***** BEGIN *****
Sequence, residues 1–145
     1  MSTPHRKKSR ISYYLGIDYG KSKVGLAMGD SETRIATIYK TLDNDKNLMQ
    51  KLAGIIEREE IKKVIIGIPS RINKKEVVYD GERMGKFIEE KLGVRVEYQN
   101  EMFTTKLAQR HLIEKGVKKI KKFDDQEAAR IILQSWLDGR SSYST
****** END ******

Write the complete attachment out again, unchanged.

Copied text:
Sequence, residues 1–145
     1  MSTPHRKKSR ISYYLGIDYG KSKVGLAMGD SETRIATIYK TLDNDKNLMQ
    51  KLAGIIEREE IKKVIIGIPS RINKKEVVYD GERMGKFIEE KLGVRVEYQN
   101  EMFTTKLAQR HLIEKGVKKI KKFDDQEAAR IILQSWLDGR SSYST